Desktop browser choice is pretty much a user-defining thing. The average user just uses whatever browser came pre-installed. However, power users pick their browser, and install it, if it’s not the default. Most pick Google Chrome, others Firefox, yet others Opera. Those paranoid about privacy, choose the Tor browser (based on Firefox).

The Opera browser was purchased a while ago by a Chinese marketing company, so I can’t help but think they have an interest in collecting as much user behavior as possible. Chrome is made by Google, an American marketing company – same thing. Chrome suffers from the security vulnerability in that they refuse to verify if SSL certificates are revoked. Firefox has other weaknesses, but far fewer.

I left off Safari and Internet Explorer, because they are not cross platform browsers, and they are usually not worth considering, except to download a better browser. I’ve only heard about Microsoft’s newest browser, Edge, which I think is specific to Windows 10. It may be the fastest browser on that platform, it is the only browser they are going to allow on the Windows 10S low-end tablets and systems. Microsoft has itself turned into a huge information mining operation, they only need market and sell that anonymized data for untold profit.

Well, right now, on my Mac, I’m using Google Chrome to watch video streams on my second screen, because it works well, and Firefox doesn’t. There was something chipmonkey about the audio under Firefox. But I am using Firefox to browse, because it’s not created by a marketing company, and Firefox with Privacy Badger is a pretty safe browsing environment.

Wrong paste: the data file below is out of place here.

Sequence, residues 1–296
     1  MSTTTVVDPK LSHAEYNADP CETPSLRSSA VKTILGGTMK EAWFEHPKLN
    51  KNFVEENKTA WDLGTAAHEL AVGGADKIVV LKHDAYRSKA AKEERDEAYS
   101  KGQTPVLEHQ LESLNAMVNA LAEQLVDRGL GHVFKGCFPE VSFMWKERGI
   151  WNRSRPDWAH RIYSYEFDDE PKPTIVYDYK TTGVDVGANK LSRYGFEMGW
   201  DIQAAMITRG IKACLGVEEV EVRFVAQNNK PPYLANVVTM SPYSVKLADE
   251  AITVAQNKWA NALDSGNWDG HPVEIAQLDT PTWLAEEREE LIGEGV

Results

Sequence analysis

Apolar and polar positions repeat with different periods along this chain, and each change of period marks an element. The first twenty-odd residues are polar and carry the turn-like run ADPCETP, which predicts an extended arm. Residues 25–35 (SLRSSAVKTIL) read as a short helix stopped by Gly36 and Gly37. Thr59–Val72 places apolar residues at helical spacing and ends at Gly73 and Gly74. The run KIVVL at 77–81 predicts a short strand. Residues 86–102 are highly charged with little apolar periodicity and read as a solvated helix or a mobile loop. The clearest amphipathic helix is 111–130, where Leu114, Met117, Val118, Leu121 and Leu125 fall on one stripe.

I’d love to hear your thoughts. Just tweet @whistl034

HDHomeRun and Plex make an inexpensive DVR

Last year, when we switched from Comcast to AT&T U-Verse, we already had a 4 tuner TiVO OTA and antenna in the bedroom, so we were fine there. For our office TV, I installed a TiVo mini I already had, and we were golden for TV and DVR.

Last week, the TiVo mini bit the dust, mid-program watching. Won’t boot, just a sad yellow ‘sorry boss’ led. I think it was $130 and it lasted four years, so I got my money’s worth.

Today, I setup an Ubuntu server running Plex Media Server software. I already had a free Plex account, so I was already able to run the Plex Media Server to stream my own media library. I can also run the free Plex Player client on my Mac. Their new DVR function, however, requires a Plex Pass, which costs money. You can buy one year for $40 or a lifetime pass for $120. Once purchased, the Plex Player client reveals additional functions, like setting up the DVR.

Plex gives away it’s two programs. The Plex Media Server is where you store your DVR recordings, so think of it as a DVR. You can have multiple DVRs, each controlling a different tuner, if you like. The second program is the Plex Media Player. They have clients for just about every device and OS, hard to find one they don’t cover, and you can just use the web interface. If you open up the port to the Internet, you can watch your video away from home too.

Oh, but where to get the TV signal and channel guide from? Last year, I bought an HDHomeRun two-tuner box from Amazon, for about $100, and an HDTV flat panel antenna for my office window for about $45. I decided I wasn’t a fan of the HDHomeRun Mac software and DVR, so I wasn’t using the HDHomeRun until now. The Plex automatically locates the HDHomeRun box, and let’s you setup the tv channel guide too. It presents the guide in a unique format that I’m not used to.

So, I’m giving it a shot. Have some recording setup, and it’s working fine. Video playback is smooth, not a whole lot of disk being used. Win!

AT&T Gets Light FCC Wrist Slap For Largest 911 Outage Ever

So, AT&T makes an “error” when updating 911 software which blocks 12,600 people from reaching 911 services, across 14 states, over an untold number of hours. But they get no fine. “Unacceptable” says Ajit Pai, the FCC chairman. “That’s really just too bad, somebody might have died, but it was nobody’s fault, so we’ll just ignore it.” implied the FCC chairman.

News: Last March, AT&T suffered a massive 911 outage that prevented customers across fourteen states from being able to call 911. While it was buried under tod

Source: AT&T Gets Light FCC Wrist Slap For Largest 911 Outage Ever